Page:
In between all that, Elizabeth lost another step-mother, Jane Seymour, to childbirth, while her final step-mother (Catherine Parr) survived until she too gave birth and died. Elizabeth didn’t have a very happy set of precedents when it came to the prospect of romantic entanglements, sexual entanglements and marriage.
Seymour may have been an appealing prospect because, at that point, Elizabeth was going to have to marry someone if she couldn’t be in charge of her own destiny.
And, with most royal princesses getting sent abroad to marry a man they’d never laid eyes on and never seeing their home again, marrying someone who she rather liked the company of, and who would allow her to stay at home, might well have seemed the most appealing of the options open to her.
But at the point where that prospect crashed and burned, the renewed lesson that love, sex and marriage were dangerous can only have been very powerful for Elizabeth.
Not quite the virginal queen
Interestingly, despite the trouble with Seymour, Elizabeth didn’t renounce men completely. She didn’t become a sort of virginal figure who would never be in the company of men. Indeed, she liked men – and in particular charming, good-looking men.
She got herself into a spot of trouble as queen with Robert Dudley, who she adored. Gossip raced around not only England, but the whole of Europe too about what they might be getting up to.
There was a rather poignant moment very early in Elizabeth’s reign when one of her closest women servants, Kate Ashley – who’d been her governess – went to her and said, “I’m worried about what you’re doing to your reputation by dallying with Robert Dudley in this way”. And Elizabeth replied by saying:
“I have so much sorrow and tribulation in my life and so little joy. Can’t I be allowed this pleasure?”
She clearly wanted that kind of human contact but couldn’t have it.
A lose-lose situation
Elizabeth could not win when it came to men and marriage. And it’s one of the many ways in which being a female ruler confronted her with dilemmas that a male ruler would never have had to deal with. For who could she marry?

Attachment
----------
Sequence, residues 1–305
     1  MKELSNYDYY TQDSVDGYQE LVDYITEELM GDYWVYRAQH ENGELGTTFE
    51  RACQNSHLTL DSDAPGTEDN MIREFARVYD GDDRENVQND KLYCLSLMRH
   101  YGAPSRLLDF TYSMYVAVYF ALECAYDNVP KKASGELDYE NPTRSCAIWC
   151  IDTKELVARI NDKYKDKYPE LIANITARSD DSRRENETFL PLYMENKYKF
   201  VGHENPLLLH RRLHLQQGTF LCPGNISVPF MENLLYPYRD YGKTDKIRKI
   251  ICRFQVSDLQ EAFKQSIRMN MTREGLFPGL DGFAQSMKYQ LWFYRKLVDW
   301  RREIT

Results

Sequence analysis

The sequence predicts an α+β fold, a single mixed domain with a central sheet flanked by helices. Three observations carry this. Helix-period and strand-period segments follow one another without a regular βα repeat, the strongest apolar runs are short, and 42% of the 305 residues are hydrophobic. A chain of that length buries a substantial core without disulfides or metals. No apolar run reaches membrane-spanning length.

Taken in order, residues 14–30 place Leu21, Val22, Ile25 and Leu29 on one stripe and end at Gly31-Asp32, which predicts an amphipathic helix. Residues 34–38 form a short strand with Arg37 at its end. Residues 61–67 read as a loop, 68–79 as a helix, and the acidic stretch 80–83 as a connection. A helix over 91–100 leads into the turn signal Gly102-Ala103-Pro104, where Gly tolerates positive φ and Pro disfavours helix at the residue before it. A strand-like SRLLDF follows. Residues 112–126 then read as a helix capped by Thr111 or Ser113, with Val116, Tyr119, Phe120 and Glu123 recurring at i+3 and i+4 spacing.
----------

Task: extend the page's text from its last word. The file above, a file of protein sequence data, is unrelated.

If she had married someone abroad, then there would have been a risk of him being seen as a foreigner who was coming to England and taking over the government.
In addition, as a queen regnant marrying a foreign prince, Elizabeth would have had to marry someone whose status was appropriate to her own. But if she had done that then she would have been locking her kingdom into an alliance that would have been very hard to shift – in a way that would have not been the case if she had been a king marrying a foreign princess.
Indeed, Henry VIII’s marriage to Catherine of Aragon did not mean that he and Spain were forever locked together. But the marriage of Elizabeth’s sister, Mary, to Philip II did mean that she and Spain were forever locked together.
But if Elizabeth had married someone domestically, then she would have upset the very finely balanced domestic, social and political hierarchy of the country.
As a result, she was only able to keep her options open in terms of diplomacy and politically by not marrying. Instead, she kept thinking about marriage – or at least kept saying that she was thinking about marriage – but never actually took a decision. And that left her with room to manoeuvre.